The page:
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Why Egypt is key to India’s plans for Middle East and Africa

India-Egypt ties are set to see uptick as India plans to extend outreach to MENA region.

Away from the media glitz, Egypt is set to be India’s key focus to increase its footprint in the Middle East and North Africa (MENA) region.

 To consolidate partnership with Cairo, India batted for Egypt’s inclusion in BRICS, and now, it is also a key component of the African Union which has been included as a permanent member of G20 in recently concluded summit in New Delhi.

India’s ambassador to Egypt, Ajit Gupte, told the Egypt Daily News that India’s invitation to Egypt as special guest at G20 seeks to depoliticise the global supply of food, fertilisers, and medical products to prevent geopolitical tensions from leading to humanitarian crises and in this endeavour African nations such as  Egypt have a special role to play.

Gupte suggested that India and Egypt could cooperate in various fields such as IT, digital economy, agriculture, environment, and health in the future.

Egypt is India’s most vital trading partner in Africa, with India’s exports to Egypt in FY 2021/22 amounting to $3.74bn, showing an 86% increase over the previous year.

The primary Indian imports from Egypt include mineral oil/petroleum, fertilisers, inorganic chemicals, and cotton. In contrast, the primary items India exports to Egypt are buffalo meat, iron and steel, engineering products, light vehicles, and cotton yarn.

Given that Egypt imports 90 per cent of its food requirements from Russia and Ukraine combinedly, the ongoing conflict there compels it to search for different suppliers. India, in that context, is a feasible option.

When asked why Egypt is crucial for India, Professor Manjari Singh of Amity University said: “While the answer lies in the history itself, changing global geopolitical and geoeconomic dynamics and Egypt’s current diplomatic and economic posturing as a facilitator and connector to the African, West Asian, and European markets, make it a viable, lucrative, and unavoidable strategic partner. India’s multi-level, multi-pronged and multi-faceted engagement with the wider Middle East and to an extent with the Western Indo-Pacific region has come in handy to further its relations with the West Asian and African nations.”

Singh, who foresaw the establishment of India-Middle East-Europe economic corridor, said that emerging non-conventional global crises have inadvertently equipped New Delhi to play a crucial role in the global economic, food and energy supply chains. “In that context, Egyptian centrality in the India-Middle East-Europe Freight-Food-Energy corridor is paramount,” she said.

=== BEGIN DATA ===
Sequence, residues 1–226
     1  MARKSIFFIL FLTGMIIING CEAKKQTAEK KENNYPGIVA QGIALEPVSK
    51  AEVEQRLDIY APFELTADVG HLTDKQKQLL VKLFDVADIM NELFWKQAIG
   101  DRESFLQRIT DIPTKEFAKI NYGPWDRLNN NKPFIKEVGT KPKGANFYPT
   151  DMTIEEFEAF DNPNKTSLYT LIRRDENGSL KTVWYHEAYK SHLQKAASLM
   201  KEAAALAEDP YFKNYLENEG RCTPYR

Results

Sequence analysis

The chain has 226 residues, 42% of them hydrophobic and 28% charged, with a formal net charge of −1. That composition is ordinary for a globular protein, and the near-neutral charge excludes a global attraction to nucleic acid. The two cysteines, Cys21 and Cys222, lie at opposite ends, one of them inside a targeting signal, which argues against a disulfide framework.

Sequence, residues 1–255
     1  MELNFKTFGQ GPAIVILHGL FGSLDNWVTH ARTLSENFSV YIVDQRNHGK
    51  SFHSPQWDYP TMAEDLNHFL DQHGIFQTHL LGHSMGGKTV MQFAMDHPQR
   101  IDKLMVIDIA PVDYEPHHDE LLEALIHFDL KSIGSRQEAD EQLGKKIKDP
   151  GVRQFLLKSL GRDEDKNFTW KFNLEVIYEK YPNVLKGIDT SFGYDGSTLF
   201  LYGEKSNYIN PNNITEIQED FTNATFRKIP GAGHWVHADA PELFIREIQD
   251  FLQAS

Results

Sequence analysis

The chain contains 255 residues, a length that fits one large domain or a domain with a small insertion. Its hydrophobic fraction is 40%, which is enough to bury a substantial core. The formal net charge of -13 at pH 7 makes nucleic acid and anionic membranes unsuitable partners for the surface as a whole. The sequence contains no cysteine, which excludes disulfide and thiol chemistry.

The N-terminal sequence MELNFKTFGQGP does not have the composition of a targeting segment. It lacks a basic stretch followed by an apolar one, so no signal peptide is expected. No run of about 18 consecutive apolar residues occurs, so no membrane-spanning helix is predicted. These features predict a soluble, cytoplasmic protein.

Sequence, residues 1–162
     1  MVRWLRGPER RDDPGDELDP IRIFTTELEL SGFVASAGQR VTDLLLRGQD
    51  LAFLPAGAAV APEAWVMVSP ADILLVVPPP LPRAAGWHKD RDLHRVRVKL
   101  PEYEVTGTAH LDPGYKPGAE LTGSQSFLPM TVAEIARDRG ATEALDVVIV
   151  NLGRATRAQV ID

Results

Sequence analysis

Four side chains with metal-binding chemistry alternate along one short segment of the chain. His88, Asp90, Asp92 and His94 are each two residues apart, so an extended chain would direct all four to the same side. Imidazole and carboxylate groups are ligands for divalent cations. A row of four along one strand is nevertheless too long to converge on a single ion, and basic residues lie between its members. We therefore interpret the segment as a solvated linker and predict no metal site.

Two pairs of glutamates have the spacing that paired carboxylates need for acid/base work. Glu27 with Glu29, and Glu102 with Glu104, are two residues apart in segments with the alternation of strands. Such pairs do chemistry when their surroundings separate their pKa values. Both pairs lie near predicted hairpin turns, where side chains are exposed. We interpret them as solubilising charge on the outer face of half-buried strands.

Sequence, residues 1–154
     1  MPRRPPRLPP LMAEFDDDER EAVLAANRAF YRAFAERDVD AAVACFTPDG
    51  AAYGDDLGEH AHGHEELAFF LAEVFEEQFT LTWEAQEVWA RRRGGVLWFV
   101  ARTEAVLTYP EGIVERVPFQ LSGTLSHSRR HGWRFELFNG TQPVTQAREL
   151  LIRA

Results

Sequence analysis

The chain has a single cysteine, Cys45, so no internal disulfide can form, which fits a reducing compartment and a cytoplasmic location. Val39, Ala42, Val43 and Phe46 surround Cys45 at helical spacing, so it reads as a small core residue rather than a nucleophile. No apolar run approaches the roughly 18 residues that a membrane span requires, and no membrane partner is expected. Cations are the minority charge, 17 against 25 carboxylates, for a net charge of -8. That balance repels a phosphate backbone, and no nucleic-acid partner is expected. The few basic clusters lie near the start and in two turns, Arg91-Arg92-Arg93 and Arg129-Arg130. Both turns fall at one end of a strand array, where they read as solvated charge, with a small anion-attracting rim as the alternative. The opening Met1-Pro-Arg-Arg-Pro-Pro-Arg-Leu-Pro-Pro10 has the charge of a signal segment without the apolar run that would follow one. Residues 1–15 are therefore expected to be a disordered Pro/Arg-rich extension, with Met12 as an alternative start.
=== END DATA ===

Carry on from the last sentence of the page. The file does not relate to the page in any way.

At G20, Manjari feels the centrality of Suez Canal was not discussed much as for opening trade and supply routes and revival of the historical Red Sea is concerned.

“Egyptian control of the Suez Canal, its proximity to the Red Sea which enables it to link it with the Eastern Mediterranean, ascertains the Arab country’s capability as a nodal link by providing a different connectivity route to Europe via Red Sea-Mediterranean Sea route akin to Chabahar and International North-South Transport Corridor which connects India to Europe and Central Asian markets via Afghanistan, Iran, and Russia. Removal of trade barriers for smooth transportation exchange of resources is vital aspect in that regard, while New Delhi has already signed free trade agreement with Abu Dhabi and is likely to sign one with Tel Aviv; a similar agreement with Cairo becomes significant for it to penetrate in the African, West Asian and Mediterranean markets,” Singh said.

Singh’s assessment was shared by noted Delhi-based Scottish writer-historian William Dalrymple. Soon after the announcement of the India-Middle East-Europe corridor was announced, Dalrymple wrote on Twitter: “With the announcement today of the opening of an Indian-Middle Eastern Economic Corridor at G20, it looks the ancient trade routes up the Red Sea from India to Egypt that I am writing about in my new book, The Golden Road, and previewed here in @nybooks, will again become a global focus of economic and cultural exchange.”